If healthy aging is important to you, a lifestyle that includes healthy habits should be as well. However, some older adults may limit physical activity over concerns about safety, ability, or chronic health conditions. These worries may be due to the myth of aging and activity level, which holds back some older people from starting or maintaining an exercise regimen.
While you may not have the same performance, ability, or endurance that you did when you were younger, that does not mean you cannot benefit from regular exercise. Here is what you need to know to stay active and stop believing in the myths about aging.
Why Physical Activity Is a Good Thing
If you currently exercise regularly, good for you! The best way to stay active is to be active. Any form of movement is better than nothing, and it can help your joint, muscle, and bone health. Older adults may want to check with their medical provider before starting any new exercise, especially if they have an ongoing health condition or are recovering from an injury.
A well-balanced exercise regimen should include strength training, balance, posture, and flexibility. Aerobic exercise is important for your cardiovascular health to keep your heart pumping and blood flowing. Exercise can also be fun and social, providing mental benefits as well.
Exercise Yields Big Benefits
One myth about aging is that physical fitness is not possible in older age. As people age, they may not want to participate in formal exercise or intense workouts. Public health experts recommend about 20 minutes of moderate exercise daily, which can be broken into several sessions, such as a ten-minute walk in the morning and ten minutes of stretching in the evening. You do not have to lift weights every day or run a marathon to achieve health benefits.
What can you expect to gain from exercise? Many older adults can experience these improvements from regular movement:
- Lower blood pressure and resting heart rate
- Increased metabolism
- Better blood flow
- Bone loss prevention
- Boost in memory and concentration
- Better balance
- Improved sleep
- Reduced depression and anxiety
- Prevention of Alzheimer’s disease and other forms of dementia
With physical and mental health benefits, exercise delivers a lot for people at any age.
You’re Never Too Old for an Exercise Program
There are many types of exercise for every age and fitness level. Just as there are seniors who run marathons, there are also older adults who are bedridden or have serious health problems yet are still able to do simple muscle-strengthening activities.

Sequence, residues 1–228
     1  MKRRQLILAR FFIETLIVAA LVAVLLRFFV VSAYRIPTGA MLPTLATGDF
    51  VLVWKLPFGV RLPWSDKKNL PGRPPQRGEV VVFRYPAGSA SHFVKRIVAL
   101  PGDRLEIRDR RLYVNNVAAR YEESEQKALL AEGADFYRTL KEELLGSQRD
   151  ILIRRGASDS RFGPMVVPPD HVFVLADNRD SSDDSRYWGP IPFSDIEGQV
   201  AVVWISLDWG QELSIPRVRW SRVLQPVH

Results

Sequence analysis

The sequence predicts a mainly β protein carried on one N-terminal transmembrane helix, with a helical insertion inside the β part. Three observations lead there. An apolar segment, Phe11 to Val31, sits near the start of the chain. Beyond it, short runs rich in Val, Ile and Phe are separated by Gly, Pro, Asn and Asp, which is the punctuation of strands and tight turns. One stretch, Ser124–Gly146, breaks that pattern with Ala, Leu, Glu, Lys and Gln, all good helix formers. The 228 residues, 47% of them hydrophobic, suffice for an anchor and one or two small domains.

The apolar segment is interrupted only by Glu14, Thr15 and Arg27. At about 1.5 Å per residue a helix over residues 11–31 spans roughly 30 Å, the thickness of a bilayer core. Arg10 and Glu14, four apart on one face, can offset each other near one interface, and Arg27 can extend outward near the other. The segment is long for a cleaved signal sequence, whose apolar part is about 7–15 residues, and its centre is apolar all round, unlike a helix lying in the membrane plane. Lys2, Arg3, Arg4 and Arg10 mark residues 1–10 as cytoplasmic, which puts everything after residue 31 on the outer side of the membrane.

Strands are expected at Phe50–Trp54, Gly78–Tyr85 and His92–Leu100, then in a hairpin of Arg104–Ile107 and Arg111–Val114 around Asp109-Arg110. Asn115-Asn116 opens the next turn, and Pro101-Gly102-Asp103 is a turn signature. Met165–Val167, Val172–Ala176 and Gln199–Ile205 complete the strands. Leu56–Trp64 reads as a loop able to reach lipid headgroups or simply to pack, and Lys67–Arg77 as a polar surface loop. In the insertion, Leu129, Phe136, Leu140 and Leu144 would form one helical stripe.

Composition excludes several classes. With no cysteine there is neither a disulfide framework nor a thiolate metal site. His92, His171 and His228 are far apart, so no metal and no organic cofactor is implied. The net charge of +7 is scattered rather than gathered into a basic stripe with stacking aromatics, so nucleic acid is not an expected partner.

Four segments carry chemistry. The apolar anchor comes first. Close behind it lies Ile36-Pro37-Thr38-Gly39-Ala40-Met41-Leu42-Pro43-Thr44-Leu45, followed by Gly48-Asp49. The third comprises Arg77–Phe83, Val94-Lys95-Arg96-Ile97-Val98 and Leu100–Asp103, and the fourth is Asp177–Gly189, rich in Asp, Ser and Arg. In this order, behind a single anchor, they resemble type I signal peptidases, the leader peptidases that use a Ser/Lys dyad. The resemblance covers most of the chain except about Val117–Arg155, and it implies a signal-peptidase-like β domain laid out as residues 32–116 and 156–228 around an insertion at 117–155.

For example, yoga and tai chi incorporate gentle movement with balance and strength to help older people maintain a healthy bone density. Water fitness classes are another way to move that can reduce pressure on joints and arthritis pain. The key is to incorporate regular stretching and listen to your body if you have an increase in pain.
How Exercise Strengthens Your Body and Mind
Wellness is a combination of physical, mental, and emotional health, and physical activity is the key to achieving it. Younger adults may exercise to look a certain way or maintain a healthy weight. By middle age, however, your focus may shift to preventing a significant health problem, such as diabetes, high blood pressure, or kidney disease.
Among older people, fitness can also keep brains active. Adults in their golden years may find friends through exercise classes at a local gym or senior center. Isolation is a serious concern for older adults, and group exercise fights that loneliness.
Issues with anxiety and depression can also improve with exercise. People of all age groups may report fewer symptoms of these conditions after working out, in part thanks to the release of endorphins that provide a natural mood boost.
An Exercise Routine without Pain or Fear
One of the most common myths regarding exercise and aging is concern about injury. Older adults may have more risk factors than young adults do, but that does not mean physical activity is off-limits.
Consider the last time you or someone you know saw a physical therapist. Did you sit still and wish the pain away or did you have specific exercises to improve range of motion and function as well as pain management? Exercise can help you feel better and reduce pain as long as what you do is appropriate for your ability level.
Push Aside Myths About Healthy Aging
If you are not sure how to stay active or have concerns about pain with activity, talk to a physical therapist at [name of practice]. Call us at [phone number] to chat with us about how we can help and get on the path to better movement.